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09Nov

7 Facts on Criminal Defense Under the Louisiana Stand Your Ground Law

It is a basic human behavior to want to protect yourself and your belongings. When someone believes they are under attack or in threat of harm, the instinct is often to fight back.

There are self-defense laws and legal defenses that allow someone who has hurt their attacker to be acquitted of any violent charges brought against them.

In a step further, there are even stand your ground states that allow someone to avoid arrest or prosecution altogether even if the attacker is killed during the ordeal. 

It is important to know the basics regarding the stand your ground law in Louisiana. In case of an unfortunate event, you will be prepared and know your rights. 

What Is Stand Your Ground Law?

The basic definition of the stand your ground law is the right to defend yourself and your property even if that defense brings injury or death to the perpetrator or intruder. Another term for this is justifiable homicide. 

There are a couple of differences between self-defense and stand your ground. 

You can use self-defense if you are charged after a violent confrontation pretty much anywhere, while stand your ground can have limitations on where the attack can occur.

Another condition for self-defense is that you had no way to escape. A stand your ground claim does not have that restriction. 

Read on for 7 more key facts.

1. Your Location is Important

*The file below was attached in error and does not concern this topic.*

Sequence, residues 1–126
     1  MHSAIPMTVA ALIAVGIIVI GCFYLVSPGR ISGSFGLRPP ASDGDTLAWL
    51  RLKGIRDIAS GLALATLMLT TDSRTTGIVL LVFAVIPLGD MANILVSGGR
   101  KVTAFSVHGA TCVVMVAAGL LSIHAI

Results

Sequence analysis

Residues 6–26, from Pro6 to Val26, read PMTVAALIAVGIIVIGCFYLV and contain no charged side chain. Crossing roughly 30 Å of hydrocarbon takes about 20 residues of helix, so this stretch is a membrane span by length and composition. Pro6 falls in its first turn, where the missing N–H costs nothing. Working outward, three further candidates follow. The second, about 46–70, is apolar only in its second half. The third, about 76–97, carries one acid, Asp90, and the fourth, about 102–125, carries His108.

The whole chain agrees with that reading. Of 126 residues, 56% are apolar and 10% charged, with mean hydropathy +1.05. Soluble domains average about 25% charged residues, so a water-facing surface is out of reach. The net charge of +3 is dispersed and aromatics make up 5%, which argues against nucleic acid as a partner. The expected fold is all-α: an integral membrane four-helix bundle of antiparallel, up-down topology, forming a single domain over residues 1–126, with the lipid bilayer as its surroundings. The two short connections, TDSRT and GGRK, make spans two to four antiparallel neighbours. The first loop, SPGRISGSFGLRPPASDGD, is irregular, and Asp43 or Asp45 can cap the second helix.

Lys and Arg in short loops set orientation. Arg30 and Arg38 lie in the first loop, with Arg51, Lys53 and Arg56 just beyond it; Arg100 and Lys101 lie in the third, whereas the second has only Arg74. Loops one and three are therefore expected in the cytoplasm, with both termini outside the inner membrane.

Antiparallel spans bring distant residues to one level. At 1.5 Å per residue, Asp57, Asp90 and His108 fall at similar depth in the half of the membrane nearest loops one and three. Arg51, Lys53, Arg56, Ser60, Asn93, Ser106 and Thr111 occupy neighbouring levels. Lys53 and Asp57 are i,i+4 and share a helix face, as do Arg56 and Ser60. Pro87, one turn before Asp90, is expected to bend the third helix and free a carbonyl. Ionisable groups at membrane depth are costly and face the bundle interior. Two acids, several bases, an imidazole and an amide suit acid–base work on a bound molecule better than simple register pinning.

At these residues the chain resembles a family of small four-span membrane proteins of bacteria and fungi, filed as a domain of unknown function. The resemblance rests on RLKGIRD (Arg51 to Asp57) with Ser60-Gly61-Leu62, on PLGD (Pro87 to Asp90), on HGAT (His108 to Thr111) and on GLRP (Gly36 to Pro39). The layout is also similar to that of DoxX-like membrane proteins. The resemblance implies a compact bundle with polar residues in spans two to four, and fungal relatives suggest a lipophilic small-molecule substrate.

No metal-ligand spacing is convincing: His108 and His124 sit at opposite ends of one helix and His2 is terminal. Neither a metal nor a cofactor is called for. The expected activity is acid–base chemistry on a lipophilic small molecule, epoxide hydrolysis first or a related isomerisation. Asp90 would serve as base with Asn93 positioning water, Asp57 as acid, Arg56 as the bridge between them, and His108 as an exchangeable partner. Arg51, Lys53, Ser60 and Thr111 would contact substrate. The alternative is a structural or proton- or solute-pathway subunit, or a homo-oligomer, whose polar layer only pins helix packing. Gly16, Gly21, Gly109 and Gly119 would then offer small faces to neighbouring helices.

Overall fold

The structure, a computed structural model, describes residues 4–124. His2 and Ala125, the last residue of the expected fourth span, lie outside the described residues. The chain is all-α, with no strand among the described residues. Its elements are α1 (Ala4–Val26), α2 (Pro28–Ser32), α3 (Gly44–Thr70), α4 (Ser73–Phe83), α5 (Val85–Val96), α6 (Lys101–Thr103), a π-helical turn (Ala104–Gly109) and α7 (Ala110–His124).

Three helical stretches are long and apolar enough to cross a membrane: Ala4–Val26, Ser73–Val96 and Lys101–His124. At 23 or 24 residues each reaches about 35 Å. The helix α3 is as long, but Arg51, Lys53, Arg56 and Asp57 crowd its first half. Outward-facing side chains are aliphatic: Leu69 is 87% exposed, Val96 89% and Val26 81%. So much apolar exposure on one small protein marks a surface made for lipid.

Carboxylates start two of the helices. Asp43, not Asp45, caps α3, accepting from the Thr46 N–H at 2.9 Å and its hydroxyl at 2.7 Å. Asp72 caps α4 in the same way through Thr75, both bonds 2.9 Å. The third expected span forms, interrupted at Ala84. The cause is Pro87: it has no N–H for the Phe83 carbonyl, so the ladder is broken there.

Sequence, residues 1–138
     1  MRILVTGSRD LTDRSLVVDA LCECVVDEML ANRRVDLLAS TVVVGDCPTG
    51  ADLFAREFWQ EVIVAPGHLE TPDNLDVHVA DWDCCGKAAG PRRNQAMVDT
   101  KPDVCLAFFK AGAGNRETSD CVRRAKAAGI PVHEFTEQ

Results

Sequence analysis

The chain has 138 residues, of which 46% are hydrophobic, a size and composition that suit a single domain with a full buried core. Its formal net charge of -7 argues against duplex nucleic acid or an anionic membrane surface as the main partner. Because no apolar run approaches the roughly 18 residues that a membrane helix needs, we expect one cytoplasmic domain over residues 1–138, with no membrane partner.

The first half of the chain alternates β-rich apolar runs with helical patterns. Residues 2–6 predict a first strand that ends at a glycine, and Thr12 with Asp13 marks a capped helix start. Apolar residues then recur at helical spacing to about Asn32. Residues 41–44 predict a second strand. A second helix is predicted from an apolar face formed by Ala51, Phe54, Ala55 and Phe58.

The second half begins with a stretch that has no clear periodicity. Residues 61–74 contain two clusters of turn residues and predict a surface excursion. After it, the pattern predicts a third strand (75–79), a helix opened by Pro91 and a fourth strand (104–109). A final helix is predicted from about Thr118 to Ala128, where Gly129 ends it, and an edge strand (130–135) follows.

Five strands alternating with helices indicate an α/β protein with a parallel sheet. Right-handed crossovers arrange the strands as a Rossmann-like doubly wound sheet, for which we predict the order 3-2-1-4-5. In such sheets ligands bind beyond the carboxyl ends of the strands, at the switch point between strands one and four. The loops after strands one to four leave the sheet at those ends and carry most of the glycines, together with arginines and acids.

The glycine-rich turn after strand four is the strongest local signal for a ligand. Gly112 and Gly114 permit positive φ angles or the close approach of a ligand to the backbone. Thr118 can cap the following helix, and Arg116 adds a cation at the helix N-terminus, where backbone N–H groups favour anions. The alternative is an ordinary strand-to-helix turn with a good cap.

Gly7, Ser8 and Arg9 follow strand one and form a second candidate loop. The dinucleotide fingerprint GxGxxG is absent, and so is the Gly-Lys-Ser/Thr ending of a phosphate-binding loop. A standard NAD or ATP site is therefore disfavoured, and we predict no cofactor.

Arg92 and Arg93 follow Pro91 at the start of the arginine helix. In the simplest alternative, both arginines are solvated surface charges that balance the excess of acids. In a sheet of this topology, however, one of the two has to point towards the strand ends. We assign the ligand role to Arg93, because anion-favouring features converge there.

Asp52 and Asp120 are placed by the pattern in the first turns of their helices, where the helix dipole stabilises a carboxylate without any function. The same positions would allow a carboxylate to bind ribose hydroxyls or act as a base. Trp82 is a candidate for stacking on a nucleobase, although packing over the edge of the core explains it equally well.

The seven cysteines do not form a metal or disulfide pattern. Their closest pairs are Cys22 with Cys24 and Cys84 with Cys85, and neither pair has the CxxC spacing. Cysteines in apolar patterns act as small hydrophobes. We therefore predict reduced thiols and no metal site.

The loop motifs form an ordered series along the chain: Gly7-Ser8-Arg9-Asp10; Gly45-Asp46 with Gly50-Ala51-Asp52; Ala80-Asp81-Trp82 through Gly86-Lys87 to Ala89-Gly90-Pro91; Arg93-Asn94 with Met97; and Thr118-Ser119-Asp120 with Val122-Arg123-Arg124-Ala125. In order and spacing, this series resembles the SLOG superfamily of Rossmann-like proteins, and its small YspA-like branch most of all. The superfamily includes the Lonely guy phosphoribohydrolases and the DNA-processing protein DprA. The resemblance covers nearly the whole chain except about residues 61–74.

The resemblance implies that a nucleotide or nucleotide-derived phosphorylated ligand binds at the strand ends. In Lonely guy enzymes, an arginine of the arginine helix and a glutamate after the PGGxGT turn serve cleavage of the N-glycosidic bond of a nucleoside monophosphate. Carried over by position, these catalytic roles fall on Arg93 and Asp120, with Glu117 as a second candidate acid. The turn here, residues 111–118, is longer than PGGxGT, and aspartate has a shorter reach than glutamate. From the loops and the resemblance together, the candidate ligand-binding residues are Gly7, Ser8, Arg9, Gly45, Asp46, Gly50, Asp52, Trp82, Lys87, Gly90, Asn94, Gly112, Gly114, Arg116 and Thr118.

The stand your ground law covers attacks or intrusions in three distinct locations. They must take place where you are legally allowed to be: in a home, at a place of business, or in a vehicle. There are even certain provisions that allow for someone to use this law if confronted in a public space. 

This means someone cannot claim this defense if they are trespassing or otherwise at a location they do not have permission to be. 

2. You Believe You Are in Imminent Danger

The next condition to this law is the belief you are in imminent danger. Simply put, you are afraid for your life. You believe the assailant or intruder intends to do extreme bodily harm to you or someone around you. The law also covers force used in an attempted robbery. 

This can be by verbal threat, physical threat, or an actual ongoing assault. However, it cannot be a situation where you were the original aggressor. If someone starts a fight, then begins to lose that fight, the law does not protect them if they continue to hurt or kill the other party. 

It is easy for things to get out of hand. Before you find yourself in legal trouble, learn how to avoid a disorderly conduct charge.

3. You Believe Deadly Force Is Necessary to Protect Yourself

In addition to fearing for your life, the stand your ground provision states you felt the only way to protect yourself was to use deadly force. 

This means that in the moment there were no other options available to diffuse the situation. You are entitled and allowed to protect what is yours by justifiable homicide. 

Having such an encounter can cause trauma or PTSD. It is important to seek help to move past this violent event.